Accidents happen in the heat of passion. It’s a Friday night. After taking your partner to a dinner and a movie, you decide to go back to the crib to get your freak on. Everything is going just as planned. Sex is great as usual. You both reach the “big O”, you lay there for a couple of seconds, pull out, and all of a sudden you notice THE HORROR: “We have a problem, the condom broke.”
Does this sound familiar? This scenario can be scary and a source of a lot of anxiety. No judgment here — we’ve all been there. I’ve heard this story too many times. Most fellas won’t even notice the condom broke until after both of you finish knockin’ the boots. Condoms that are worn wrong, not sized correctly for your girth, expired or old, or used with oil-based lubrication can break or slip off.
This will put both of you at risk of getting a STI and having an unwanted pregnancy. Don’t take this lightly! Here are 4 steps to follow if the condom breaks:
Sometimes pieces of a condom or the whole thing can be wedged inside the body. Gently stick your finger in there, grab it, and pull it out (and use lube if needed). Condoms left in there can cause irritation, so it’s always better to check and make sure you’ve retrieved the whole condom.
This must also be taken within 72 hours. It’s over the counter, which means you can find it at places like Rite Aid, CVS and even your local grocery store or pharmacy. If you don’t have access to Plan B, you may be able to take multiple doses of birth control — but don’t just gobble down those pills! Call your OB/GYN to ask them if this is an option for you.
A Paraguard IUD (a small, soft, and flexible T-shaped device made primarily of plastic and copper) can be inserted to prevent pregnancy up to 5 days after the slip-up. However, you can’t do this on your own. If you want to try a Paraguard, you’ve got to see your OB/GYN.
Go the Emergency Department near you and tell the doctor what happened. Although it might be nerve wracking, you have to be completely honest.
You can also take Post Exposure Prophylaxis (PEP) within 72 hours. PEP is a combination of antiretroviral medicines that prevent you from becoming infected with HIV if you were potentially exposed. Remember each STI has a different lag time between when you get it and when it will show up on a test. I recommend getting repeat STI testing in one month and in six months just to play it safe.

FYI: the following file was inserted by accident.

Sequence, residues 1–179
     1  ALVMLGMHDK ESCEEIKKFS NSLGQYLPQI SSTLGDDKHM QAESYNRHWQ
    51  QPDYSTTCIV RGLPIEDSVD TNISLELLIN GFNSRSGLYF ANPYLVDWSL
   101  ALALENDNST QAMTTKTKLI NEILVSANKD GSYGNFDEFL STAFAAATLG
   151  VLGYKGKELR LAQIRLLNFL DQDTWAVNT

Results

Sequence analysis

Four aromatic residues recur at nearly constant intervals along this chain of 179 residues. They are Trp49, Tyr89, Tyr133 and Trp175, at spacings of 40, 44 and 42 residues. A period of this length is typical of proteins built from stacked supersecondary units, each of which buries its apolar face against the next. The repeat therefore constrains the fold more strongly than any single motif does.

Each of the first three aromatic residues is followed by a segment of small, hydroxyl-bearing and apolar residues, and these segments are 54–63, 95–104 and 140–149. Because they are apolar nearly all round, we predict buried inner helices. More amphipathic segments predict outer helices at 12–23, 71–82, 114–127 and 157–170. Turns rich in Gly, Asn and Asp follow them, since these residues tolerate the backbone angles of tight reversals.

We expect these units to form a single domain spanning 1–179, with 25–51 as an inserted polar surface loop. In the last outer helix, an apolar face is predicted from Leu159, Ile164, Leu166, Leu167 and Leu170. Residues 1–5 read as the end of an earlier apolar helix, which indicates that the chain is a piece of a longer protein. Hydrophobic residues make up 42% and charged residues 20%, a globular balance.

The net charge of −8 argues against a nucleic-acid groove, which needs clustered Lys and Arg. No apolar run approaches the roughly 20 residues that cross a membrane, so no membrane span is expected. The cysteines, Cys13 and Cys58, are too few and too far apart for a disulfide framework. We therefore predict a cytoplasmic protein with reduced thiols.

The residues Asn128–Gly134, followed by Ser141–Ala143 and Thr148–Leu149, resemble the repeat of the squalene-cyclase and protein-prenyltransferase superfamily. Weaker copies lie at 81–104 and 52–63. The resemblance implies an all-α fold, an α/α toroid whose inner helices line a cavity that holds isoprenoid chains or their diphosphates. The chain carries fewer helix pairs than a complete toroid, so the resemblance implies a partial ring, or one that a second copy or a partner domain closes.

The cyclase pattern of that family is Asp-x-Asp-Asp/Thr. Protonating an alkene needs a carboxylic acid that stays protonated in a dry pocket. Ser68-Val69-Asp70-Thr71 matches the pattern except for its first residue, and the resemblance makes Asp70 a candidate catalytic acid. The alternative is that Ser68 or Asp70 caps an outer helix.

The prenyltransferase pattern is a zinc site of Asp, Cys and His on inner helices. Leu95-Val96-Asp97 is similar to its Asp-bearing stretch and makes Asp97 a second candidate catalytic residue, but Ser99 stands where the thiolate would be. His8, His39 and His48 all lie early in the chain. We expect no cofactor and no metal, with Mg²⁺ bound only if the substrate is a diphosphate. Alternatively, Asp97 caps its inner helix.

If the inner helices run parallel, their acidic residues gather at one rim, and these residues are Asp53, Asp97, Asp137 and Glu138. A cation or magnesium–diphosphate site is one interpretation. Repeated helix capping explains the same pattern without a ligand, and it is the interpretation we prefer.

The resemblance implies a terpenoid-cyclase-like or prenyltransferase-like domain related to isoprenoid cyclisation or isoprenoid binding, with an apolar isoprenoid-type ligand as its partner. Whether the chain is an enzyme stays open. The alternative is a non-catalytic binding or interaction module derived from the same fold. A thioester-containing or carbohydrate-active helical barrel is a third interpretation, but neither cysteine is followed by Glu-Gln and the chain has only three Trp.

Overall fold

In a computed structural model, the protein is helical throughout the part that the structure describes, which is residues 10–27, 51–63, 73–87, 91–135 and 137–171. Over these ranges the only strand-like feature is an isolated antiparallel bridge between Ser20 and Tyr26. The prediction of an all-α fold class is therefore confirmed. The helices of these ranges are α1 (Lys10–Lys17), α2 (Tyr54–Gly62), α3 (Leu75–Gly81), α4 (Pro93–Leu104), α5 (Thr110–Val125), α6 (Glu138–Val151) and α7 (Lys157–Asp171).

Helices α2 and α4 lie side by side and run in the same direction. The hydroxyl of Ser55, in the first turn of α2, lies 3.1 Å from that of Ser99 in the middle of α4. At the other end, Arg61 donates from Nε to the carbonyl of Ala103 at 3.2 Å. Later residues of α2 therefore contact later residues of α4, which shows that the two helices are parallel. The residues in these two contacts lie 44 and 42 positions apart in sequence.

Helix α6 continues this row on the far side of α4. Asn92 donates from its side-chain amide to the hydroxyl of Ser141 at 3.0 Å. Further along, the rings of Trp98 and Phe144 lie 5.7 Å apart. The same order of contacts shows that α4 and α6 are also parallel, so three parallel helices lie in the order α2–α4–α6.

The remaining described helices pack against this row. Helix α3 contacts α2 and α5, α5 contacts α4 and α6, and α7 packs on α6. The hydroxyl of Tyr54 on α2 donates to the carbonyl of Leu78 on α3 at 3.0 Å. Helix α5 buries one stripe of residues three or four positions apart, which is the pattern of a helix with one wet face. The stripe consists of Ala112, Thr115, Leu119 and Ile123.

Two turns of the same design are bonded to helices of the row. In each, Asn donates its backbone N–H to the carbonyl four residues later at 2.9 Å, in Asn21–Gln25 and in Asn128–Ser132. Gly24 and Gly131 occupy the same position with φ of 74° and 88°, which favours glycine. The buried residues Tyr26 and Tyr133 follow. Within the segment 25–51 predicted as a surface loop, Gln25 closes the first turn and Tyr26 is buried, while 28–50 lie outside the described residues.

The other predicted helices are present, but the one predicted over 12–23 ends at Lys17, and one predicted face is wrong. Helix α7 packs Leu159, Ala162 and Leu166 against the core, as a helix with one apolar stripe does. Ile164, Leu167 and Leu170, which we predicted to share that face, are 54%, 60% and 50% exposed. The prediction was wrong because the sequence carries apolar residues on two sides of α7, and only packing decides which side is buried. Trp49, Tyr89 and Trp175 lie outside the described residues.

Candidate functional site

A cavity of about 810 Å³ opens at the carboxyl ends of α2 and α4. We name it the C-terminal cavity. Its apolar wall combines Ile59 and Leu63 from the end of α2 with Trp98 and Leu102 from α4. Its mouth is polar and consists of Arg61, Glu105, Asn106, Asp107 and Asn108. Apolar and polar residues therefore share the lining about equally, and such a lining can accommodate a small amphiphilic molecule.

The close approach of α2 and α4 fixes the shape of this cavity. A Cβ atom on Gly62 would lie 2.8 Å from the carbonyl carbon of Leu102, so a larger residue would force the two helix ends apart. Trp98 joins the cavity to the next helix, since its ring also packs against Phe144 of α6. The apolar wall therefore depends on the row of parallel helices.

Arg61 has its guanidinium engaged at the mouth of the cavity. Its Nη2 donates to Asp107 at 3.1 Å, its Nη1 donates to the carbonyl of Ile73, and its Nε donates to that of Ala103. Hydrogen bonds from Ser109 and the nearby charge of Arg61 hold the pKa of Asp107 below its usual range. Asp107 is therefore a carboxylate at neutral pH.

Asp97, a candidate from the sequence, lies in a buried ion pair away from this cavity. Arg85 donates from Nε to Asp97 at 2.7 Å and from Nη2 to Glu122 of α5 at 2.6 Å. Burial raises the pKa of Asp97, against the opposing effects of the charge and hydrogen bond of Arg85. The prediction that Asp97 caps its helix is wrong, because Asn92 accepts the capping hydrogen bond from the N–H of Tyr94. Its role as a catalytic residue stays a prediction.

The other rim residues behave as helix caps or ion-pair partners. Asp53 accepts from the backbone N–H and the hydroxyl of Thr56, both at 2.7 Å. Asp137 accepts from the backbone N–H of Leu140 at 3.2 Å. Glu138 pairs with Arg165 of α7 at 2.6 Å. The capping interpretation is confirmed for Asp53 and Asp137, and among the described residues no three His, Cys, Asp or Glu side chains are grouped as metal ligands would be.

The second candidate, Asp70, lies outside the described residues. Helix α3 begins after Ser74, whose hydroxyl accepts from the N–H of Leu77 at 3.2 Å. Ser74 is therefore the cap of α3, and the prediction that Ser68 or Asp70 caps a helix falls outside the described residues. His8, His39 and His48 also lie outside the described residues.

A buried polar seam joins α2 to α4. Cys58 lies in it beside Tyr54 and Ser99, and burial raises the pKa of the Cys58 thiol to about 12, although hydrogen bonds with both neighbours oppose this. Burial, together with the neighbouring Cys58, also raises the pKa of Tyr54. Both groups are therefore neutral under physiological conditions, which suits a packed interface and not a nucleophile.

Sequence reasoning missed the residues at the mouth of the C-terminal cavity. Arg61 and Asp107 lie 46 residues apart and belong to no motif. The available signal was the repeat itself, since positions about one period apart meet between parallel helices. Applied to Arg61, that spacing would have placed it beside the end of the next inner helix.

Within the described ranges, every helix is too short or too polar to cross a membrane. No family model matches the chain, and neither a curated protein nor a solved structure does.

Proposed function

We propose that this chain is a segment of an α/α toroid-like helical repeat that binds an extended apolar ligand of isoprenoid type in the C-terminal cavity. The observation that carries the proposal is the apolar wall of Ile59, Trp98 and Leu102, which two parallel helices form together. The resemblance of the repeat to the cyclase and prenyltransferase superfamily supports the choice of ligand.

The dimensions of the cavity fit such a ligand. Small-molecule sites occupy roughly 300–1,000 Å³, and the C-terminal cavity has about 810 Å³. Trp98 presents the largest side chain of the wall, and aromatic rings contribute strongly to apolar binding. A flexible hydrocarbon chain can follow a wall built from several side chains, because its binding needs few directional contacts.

Many couples skip this step — that’s a mistake, because unless you understand WHY the condom broke, you may put yourself at risk for it happening again. So ask yourself these questions:
If so, toss that box and purchase new condoms. Keep them away from heat and light, don't carry them in a wallet, and don't open them with anything sharp like scissors or teeth.
Practice makes perfect. Lubricate the inside of the condom if needed (but make sure you don’t use oil-based lube). Pinch the tip of the condom to prevent air bubbles. Roll the condom down over the tip of his hard penis. Leave some space at the tip so the condom can collect semen. Unroll the condom down his shaft. Lubricate the outside of the condom.
Measure the girth (thickness) of his penis when it’s erect. Then check out this post to learn which size condom he should be using. You might be surprised!
Using something like olive oil or plain coconut oil as lube can be dangerous, because it can cause latex condoms to rip. Try one of ASTROGLIDE’s latex-friendly lubes instead!
Remember, condom accidents can happen to anyone — don’t beat yourself up about it! Just follow these steps to make sure you deal with the problem in a safe and smart way. Have any questions about condoms and safe sex? Tweet them to @ASTROGLIDE.
Images are for illustrative purposes only.